“Women can do everything and anything men can do,” this is a statement I heard consistently while growing up and one that served as my motto. It gave me wings and courage to hear that yes, as a female I can do anything a man can do professionally.
These words held true and fiercely propelled me through many scenarios where I was uncertain if it was possible for me to get to the next level due to my being female. “If they can, we can!” I would tell myself and happily push forward. This motto enabled me to obtain positions at several respected companies including: NBC Universal, ABC News, and Goldman Sachs. As the first person in my family to graduate college, I was living proof of women being capable of doing anything men can do in the workplace. That was the case until I entered the world of MOTHERHOOD.
Becoming a mother was the single greatest and most amazing moment of my life, however, I could not have imagined what a drastic life change it would be. Everything was different. I could no longer use the bathroom privately, let alone plan my next career move. I found myself failing at juggling my full time job, my writing gigs, a startup, a TV project, a marriage, and a baby. Prior to life with baby, I effortlessly balanced my professional and personal life, while taking on new and exciting projects on a weekly basis. Becoming a young mother was the lethal recipe for career suicide, I thought.
After several months of sleepless nights, breastfeeding exhaustion, writing at midnight, overworking, and not providing myself the necessary and oh so crucial self care that one’s body and soul needs, I had succumb to the elements. I was burning out.
The evidence was all there. My hair was falling out in clumps, I was suffering from insomnia, dropping too much weight and ultimately found myself unhappy most of the time. I couldn’t understand how I could feel so sad when I had all the good in the world: a stable career with a 6 figure income, a beautiful little angel that was 100% healthy and a supportive husband that loved me unconditionally. It hit me one day as I was breastfeeding my son while working simultaneously on my laptop. I was taking care of everyone and everything and not myself.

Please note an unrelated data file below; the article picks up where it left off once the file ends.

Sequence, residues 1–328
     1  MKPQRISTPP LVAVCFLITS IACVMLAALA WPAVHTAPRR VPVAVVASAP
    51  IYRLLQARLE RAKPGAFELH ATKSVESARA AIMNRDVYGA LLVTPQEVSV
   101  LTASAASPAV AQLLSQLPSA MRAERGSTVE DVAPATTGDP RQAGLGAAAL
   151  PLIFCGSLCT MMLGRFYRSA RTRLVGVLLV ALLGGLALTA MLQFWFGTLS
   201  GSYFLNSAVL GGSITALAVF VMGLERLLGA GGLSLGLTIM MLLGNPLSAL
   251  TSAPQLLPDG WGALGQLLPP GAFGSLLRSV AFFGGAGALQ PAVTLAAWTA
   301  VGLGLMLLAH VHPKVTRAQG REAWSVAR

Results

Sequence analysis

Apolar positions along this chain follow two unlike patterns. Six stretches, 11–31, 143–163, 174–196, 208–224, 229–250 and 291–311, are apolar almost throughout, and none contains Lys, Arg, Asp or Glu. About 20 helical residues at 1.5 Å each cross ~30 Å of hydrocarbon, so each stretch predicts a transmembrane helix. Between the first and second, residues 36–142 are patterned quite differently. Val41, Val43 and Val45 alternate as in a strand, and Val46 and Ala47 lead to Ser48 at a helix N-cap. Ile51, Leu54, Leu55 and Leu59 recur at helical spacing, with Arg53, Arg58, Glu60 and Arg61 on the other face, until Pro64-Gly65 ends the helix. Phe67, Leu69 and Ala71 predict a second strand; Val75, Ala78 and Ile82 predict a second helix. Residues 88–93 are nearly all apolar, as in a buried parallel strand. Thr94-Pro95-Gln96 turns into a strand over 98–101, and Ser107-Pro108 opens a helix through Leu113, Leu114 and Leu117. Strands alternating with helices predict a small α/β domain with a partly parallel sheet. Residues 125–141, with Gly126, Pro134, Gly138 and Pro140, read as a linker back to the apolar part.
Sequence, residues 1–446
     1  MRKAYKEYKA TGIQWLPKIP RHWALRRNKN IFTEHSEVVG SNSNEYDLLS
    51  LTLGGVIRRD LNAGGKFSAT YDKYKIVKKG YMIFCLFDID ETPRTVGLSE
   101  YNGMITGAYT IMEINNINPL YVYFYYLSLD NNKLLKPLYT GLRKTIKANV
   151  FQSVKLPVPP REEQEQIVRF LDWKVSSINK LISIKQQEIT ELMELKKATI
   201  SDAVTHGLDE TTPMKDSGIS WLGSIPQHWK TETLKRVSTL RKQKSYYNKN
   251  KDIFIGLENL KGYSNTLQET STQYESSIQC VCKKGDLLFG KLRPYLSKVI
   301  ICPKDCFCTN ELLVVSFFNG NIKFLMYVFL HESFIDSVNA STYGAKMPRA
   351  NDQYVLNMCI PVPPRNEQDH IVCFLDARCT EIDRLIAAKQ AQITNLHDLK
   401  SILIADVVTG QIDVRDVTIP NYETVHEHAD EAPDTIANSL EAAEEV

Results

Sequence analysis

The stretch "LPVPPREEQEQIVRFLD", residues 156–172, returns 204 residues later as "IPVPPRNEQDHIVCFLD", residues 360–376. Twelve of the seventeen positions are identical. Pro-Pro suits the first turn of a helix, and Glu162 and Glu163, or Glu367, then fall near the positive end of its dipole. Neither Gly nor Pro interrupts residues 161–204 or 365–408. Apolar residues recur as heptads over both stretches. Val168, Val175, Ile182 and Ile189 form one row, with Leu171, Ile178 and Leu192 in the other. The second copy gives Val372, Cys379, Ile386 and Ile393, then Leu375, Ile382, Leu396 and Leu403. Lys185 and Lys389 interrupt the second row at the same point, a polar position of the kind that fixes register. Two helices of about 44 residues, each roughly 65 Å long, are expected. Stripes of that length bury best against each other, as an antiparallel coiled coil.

Something had to give, I just couldn’t figure out what that something was going to be. I knew for one it would not be my child. My co-workers and most of my friends were strongly advising me to hire a full time nanny. I was fortunate to have my mother babysitting for half the week and the other half of the week I had a mini commuting buddy, my son! My workplace at the time offered childcare within the same building and so I had the rare luxury of seeing my infant son 3 to 4 times during my 10 hour long workday.
Hiring more help would not solve my problem. I realized that the core of my unhappiness stemmed from being a parent that was not fully present. I also could not stomach the idea of having a stranger witness my son’s first steps or hearing his first words. Funny enough, my unhappiness and stress levels both increased exponentially when I started to think about becoming a “stay at home mom”. I was not okay flushing all the years of schooling, paying my dues, and my hard earned professional credibility down the toilet so that I can now be a “stay at home mom”. I could not and would not do that. Besides, men don’t quit their jobs when they become fathers, why should I?
It was time to disconnect with the world and reconnect with myself. Yoga, meditating and praying helped clear my mind and allowed me to really find the answer to why my life was so imbalanced. That answer was simple: I cannot do everything at the same time. Yes I could do anything a man can do professionally, but why must I do this all the time and at the same time? Men don’t give birth and men don’t breastfeed or go through the emotional and physical changes women do. Therefore, how does it make sense for women to continue to do everything they normally do during major life changes? It doesn’t make any sense, it only directly results in extreme self harm to the body, soul and psyche.
I had a revelation and the hardest part was to accept it. Partly because modern day society does not give women the option to take a pause professionally in order to focus on something that is so natural and universal: being a mother. I also found that I was overly concerned with how society would view me now that I was no longer working for a Fortune 500 company and was “just home”.
Work will always be there and these priceless years will not. I was now a young mother and I had a biological need and right to nurture my child and to embrace motherhood. I decided to quit my full time desk job and tune into my entrepreneurial spirit that would allow me to be present in my full time and most awesome mommy job. I will resume doing everything at the same time when I am ready. Till then, Namaste.